Talk to the Veterans Crisis Line now
U.S. flag
An official website of the United States government

Health Services Research & Development

Go to the ORD website
Go to the QUERI website

HSR&D Citation Abstract

Search | Search by Center | Search by Source | Keywords in Title

The Rural VA Multi-Center Medication Reconciliation Quality Improvement Study (R-VA-MARQUIS).

Presley CA, Wooldridge KT, Byerly SH, Aylor AR, Kaboli PJ, Roumie CL, Schnipper JL, Dittus RS, Mixon AS. The Rural VA Multi-Center Medication Reconciliation Quality Improvement Study (R-VA-MARQUIS). American journal of health-system pharmacy : AJHP : official journal of the American Society of Health-System Pharmacists. 2020 Jan 8; 77(2):128-137.

Dimensions for VA is a web-based tool available to VA staff that enables detailed searches of published research and research projects.

If you have VA-Intranet access, click here for more information vaww.hsrd.research.va.gov/dimensions/

VA staff not currently on the VA network can access Dimensions by registering for an account using their VA email address.
   Search Dimensions for VA for this citation
* Don't have VA-internal network access or a VA email address? Try searching the free-to-the-public version of Dimensions



Abstract:

PURPOSE: High-quality medication reconciliation reduces medication discrepancies, but smaller hospitals serving rural patients may have difficulty implementing this because of limited resources. We sought to adapt and implement an evidence-based toolkit of best practices for medication reconciliation in smaller hospitals, evaluate the effect on unintentional medication discrepancies, and assess facilitators and barriers to implementation. METHODS: We conducted a 2-year mentored-implementation quality improvement feasibility study in 3 Veterans Affairs (VA) hospitals serving rural patients. The primary outcome was unintentional medication discrepancies per medication per patient, determined by comparing the "gold standard" preadmission medication history to the documented preadmission medication list and admission and discharge orders. RESULTS: In total, 797 patients were included; their average age was 68.7 years, 94.4% were male, and they were prescribed an average of 9.6 medications. Sites 2 and 3 implemented toolkit interventions, including clarifying roles among clinical personnel, educating providers on taking a best possible medication history, and hiring pharmacy professionals to obtain a best possible medication history and perform discharge medication reconciliation. Site 1 did not implement an intervention. Discrepancies improved in intervention patients compared with controls at Site 3 (adjusted incidence rate ratio [IRR], 0.55; 95% confidence interval [CI], 0.45-0.67) but increased in intervention patients compared with controls at Site 2 (adjusted IRR, 1.22; 95% CI, 1.08-1.36). CONCLUSIONS: An evidence-based toolkit for medication reconciliation adapted to the VA setting was adopted in 2 of 3 small, rural, resource-limited hospitals, resulting in both reduced and increased unintentional medication discrepancies. We highlight facilitators and barriers to implementing evidence-based medication reconciliation in smaller hospitals.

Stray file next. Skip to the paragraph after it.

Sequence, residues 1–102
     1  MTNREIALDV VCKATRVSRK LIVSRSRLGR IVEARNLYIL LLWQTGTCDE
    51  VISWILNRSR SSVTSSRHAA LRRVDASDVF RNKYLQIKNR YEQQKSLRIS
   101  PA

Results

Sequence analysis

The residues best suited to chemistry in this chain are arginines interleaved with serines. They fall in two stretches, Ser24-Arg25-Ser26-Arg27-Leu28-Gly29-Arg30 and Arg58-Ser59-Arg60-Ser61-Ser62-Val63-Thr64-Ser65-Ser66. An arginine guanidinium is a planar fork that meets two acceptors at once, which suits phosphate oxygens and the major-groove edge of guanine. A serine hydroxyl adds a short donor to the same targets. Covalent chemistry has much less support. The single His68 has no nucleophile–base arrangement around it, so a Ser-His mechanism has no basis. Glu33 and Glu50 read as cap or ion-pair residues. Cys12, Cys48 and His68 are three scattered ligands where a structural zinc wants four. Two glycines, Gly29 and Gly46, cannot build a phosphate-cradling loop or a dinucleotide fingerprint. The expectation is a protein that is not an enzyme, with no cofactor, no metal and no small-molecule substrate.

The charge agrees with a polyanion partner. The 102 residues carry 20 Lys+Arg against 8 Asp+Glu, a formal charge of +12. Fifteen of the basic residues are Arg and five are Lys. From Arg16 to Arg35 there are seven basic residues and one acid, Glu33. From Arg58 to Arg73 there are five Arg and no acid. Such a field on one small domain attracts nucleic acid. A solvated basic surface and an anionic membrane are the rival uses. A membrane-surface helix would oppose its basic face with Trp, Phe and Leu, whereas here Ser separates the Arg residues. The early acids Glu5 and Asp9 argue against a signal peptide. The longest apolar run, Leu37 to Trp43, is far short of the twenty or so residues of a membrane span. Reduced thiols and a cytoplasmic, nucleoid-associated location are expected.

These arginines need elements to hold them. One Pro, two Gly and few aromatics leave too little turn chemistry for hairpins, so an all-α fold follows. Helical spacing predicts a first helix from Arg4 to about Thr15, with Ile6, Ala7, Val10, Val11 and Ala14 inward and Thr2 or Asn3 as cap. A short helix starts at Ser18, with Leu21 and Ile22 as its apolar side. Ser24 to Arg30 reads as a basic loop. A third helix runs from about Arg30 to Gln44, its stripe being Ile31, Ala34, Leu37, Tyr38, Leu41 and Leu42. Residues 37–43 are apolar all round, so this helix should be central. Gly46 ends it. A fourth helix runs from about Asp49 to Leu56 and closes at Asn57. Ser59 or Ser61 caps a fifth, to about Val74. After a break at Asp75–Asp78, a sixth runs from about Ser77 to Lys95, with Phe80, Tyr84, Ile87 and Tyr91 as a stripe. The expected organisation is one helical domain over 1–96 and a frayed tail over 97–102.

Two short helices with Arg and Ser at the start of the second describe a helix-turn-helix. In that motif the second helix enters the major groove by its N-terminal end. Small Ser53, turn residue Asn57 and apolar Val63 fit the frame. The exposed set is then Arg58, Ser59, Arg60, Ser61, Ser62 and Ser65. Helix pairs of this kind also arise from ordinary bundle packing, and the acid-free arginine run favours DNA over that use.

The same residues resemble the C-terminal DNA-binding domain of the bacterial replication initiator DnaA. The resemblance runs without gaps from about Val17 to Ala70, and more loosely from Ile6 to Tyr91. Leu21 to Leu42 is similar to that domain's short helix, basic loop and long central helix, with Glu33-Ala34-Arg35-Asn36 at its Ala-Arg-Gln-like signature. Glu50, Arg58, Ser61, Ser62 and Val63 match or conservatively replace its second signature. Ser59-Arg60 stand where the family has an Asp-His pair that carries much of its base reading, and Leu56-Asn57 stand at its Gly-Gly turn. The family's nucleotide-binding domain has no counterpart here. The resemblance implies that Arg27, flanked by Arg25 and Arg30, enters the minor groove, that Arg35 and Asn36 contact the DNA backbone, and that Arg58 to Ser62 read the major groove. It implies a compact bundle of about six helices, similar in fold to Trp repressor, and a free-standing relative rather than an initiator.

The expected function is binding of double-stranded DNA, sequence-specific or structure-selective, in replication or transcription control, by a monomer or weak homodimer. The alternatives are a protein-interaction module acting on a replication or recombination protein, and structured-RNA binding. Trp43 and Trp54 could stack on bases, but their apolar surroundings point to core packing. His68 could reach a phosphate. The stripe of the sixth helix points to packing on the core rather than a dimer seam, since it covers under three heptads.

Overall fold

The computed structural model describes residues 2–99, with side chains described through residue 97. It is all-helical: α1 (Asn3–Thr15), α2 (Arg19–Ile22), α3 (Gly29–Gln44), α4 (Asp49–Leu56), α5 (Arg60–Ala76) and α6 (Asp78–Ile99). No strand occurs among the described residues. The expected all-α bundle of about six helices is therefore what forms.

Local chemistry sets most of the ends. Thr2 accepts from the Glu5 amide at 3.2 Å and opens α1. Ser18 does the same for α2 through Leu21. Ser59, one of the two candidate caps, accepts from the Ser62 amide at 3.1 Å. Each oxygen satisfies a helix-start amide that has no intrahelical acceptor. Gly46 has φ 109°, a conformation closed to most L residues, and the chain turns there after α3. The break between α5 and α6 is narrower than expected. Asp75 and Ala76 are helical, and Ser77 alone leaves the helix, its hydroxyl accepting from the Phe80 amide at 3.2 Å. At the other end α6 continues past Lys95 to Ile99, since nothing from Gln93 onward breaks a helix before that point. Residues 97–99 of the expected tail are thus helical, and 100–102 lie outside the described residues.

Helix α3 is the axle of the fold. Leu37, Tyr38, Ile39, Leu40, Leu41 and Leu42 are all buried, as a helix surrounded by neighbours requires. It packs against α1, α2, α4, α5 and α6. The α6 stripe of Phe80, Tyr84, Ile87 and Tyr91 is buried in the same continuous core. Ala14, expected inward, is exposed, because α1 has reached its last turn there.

Questions about the HSR&D website? Email the Web Team

Any health information on this website is strictly for informational purposes and is not intended as medical advice. It should not be used to diagnose or treat any condition.